By Erik Schelzig:
Republican Senate Speaker Ron Ramsey says his gubernatorial aspirations aren’t a factor in his insistence on ridding the state budget of local projects that he calls pork barrel spending.
And yet in explaining his opposition to spending $16 million on a fish hatchery in Carter County or $5 million on the National Civil Rights Museum in Memphis, Ramsey draws back to a campaign refrain that promises to “give Washington the boot.”
“This is a symbol of running things the Tennessee way, and not the Washington way,” Ramsey, a Blountville auctioneer, told reporters at the Capitol last week amid the budget impasse.
Ramsey is running against Knoxville Mayor Bill Haslam and U.S. Rep. Zach Wamp of Chattanooga in the Republican primary on Aug. 5. Jackson businessman Mike McWherter, son of former Gov. Ned McWherter, is the lone Democrat running.
The Ramsey campaign has taken aim at Wamp for his vote for the $700 billion bailout of the U.S. banking system and has characterized him as a “serial earmarker” for votes in favor of pet projects around the country.
“We balance our budget, a foreign concept to members of Congress,” Ramsey said at a tea party convention in Gatlinburg last month.
Wamp responded that the number of state employees has grown by 10,000 since Ramsey was first elected the Legislature and rejected Ramsey painting every member of Congress as being in lockstep with out-of-control spending.
“To assume that all 535 of us are all the same is dumb as a boot,” Wamp said.
Wamp has defended his support for specific federal funding for local projects, like the Chickamauga Lock replacement project that could cost up to $600 million.
“The federal government built that lock, it’s the federal government’s lock,” Wamp said. “The federal government has responsibility to replace that lock in 70-plus years.”
Haslam, who has been most reluctant among the candidates to go on the offense, has nevertheless raised questions about a legislative initiative in 2007 — Ramsey’s first year in charge of the Senate — to spend $20 million of a budget surplus on local projects in lawmaker’s home districts.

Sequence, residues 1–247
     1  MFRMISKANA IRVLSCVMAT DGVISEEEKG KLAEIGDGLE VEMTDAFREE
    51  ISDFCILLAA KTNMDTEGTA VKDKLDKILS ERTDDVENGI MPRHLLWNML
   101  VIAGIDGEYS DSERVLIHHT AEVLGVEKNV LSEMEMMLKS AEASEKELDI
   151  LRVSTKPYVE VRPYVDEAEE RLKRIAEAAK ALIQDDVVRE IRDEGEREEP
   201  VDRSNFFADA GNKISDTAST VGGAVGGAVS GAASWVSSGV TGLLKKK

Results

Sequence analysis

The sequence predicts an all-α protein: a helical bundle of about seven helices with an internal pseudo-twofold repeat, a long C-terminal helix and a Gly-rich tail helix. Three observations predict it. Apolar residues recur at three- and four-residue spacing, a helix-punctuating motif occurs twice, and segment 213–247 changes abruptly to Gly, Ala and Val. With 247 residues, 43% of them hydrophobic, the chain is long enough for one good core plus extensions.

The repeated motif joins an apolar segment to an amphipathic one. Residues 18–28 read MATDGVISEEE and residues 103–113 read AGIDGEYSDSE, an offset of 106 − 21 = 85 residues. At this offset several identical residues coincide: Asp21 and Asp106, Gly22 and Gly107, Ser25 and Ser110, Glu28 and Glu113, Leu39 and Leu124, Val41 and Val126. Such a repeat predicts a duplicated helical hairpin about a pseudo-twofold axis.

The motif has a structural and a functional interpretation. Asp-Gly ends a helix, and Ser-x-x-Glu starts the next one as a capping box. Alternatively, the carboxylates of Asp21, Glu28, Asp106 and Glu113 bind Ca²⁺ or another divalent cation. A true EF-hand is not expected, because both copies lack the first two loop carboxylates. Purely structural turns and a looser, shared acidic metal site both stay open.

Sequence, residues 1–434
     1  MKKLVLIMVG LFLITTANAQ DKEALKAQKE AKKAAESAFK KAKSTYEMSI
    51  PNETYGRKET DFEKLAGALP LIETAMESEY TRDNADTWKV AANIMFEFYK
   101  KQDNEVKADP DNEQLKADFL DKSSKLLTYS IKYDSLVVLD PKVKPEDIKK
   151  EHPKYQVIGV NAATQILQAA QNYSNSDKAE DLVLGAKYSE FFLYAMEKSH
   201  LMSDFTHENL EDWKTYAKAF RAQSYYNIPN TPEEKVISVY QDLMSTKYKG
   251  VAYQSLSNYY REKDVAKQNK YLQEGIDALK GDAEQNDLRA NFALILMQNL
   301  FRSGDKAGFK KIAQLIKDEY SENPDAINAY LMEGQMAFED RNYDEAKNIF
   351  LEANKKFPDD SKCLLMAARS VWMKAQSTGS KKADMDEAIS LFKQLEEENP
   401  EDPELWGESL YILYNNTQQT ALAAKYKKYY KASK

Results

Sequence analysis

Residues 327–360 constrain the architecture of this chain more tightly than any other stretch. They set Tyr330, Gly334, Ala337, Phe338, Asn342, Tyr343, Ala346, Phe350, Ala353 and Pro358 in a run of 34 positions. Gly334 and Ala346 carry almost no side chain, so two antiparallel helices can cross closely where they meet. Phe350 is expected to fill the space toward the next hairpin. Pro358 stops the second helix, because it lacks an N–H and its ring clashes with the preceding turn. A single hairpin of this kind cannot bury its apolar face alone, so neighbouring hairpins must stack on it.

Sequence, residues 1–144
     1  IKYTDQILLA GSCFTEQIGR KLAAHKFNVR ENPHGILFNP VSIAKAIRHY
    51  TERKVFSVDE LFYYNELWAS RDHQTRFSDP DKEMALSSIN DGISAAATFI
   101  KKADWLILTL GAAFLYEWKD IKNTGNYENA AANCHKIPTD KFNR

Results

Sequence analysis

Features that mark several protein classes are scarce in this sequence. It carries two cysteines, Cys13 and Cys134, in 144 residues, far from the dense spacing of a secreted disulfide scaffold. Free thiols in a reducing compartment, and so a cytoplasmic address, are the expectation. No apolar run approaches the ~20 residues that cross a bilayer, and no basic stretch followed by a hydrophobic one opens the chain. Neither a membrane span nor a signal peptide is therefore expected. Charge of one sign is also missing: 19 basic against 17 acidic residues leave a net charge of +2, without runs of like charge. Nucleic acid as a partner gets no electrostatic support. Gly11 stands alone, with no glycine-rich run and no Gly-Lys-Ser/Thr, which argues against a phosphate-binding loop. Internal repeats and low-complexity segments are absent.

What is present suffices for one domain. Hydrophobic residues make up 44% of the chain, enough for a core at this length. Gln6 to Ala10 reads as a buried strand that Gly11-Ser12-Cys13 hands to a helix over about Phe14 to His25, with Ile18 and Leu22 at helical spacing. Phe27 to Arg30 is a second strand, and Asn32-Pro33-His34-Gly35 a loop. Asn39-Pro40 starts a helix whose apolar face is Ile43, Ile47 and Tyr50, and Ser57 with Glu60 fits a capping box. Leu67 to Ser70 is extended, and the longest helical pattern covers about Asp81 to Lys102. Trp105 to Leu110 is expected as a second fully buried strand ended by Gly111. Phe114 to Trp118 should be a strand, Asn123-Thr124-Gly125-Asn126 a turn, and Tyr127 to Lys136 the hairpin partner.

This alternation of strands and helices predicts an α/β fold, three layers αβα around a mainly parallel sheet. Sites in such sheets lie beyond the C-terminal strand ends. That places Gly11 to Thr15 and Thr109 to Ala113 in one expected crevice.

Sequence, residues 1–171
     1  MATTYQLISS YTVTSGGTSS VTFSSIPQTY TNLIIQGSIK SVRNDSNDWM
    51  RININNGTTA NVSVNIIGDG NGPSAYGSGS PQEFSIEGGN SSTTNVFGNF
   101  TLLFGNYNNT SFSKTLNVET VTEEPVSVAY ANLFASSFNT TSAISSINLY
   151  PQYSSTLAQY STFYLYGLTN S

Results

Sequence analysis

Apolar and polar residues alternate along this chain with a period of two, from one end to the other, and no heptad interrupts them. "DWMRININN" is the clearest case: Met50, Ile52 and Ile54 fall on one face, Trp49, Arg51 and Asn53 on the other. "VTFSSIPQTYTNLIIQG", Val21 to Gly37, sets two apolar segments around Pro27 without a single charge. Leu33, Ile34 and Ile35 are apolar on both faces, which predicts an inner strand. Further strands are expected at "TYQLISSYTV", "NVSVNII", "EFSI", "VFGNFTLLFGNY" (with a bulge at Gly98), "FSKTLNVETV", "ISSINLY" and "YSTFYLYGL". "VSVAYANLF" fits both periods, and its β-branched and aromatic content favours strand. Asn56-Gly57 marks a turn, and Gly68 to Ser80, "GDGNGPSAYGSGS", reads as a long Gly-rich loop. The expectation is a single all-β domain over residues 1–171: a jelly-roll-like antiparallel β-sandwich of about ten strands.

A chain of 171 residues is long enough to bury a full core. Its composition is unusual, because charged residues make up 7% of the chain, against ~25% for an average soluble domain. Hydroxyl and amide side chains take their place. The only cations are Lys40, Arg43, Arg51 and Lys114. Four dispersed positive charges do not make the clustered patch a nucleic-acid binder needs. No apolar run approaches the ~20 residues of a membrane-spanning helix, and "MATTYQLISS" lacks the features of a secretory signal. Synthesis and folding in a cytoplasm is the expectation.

During the debate over the so-called “community enhancement grants,” one Republican lawmaker in a floor speech put a piece of bacon into an envelope as a protest to what he called pork barrel spending.
“Looking back now, I’d say that most people in state government would say: If we’d known then what we know now, would we have done it?” Haslam said earlier this year. “And the answer, I bet, is no.”
Meanwhile, McWherter last week criticized Haslam for opposing his plan to create tax breaks for small business when Haslam’s family business has received more than $500,000 in state grants and subsidies since 2007.
“What’s good for Pilot Oil should be good for small businesses throughout Tennessee,” McWherter said.
Haslam is a former president of Pilot Corp., a family-owned chain of truck stops with annual revenues of $16 billion. He said after a gubernatorial debate in Memphis last week that the company was asked by Democratic Gov. Phil Bredesen to help expand the availability of ethanol fuel.
“Pilot didn’t do it as a profitable venture, they did it because the state wanted to set up a clean-fuels corridor,” Haslam said.
Wamp quickly joined in taking aim at Haslam for the grants, and raised additional questions about what he called a “serious breach of ethics” for a $5.5 million stake held by Haslam and his family in a publicly funded movie theater in downtown Knoxville.
Haslam spokesman David Smith said the mayor and his family only became involved in the project as a “buyer of last resort,” because no one else would buy the bonds in a public bid.
Smith said Wamp is either “trying to mislead voters or hasn’t done his homework — neither are good characteristics for a governor.”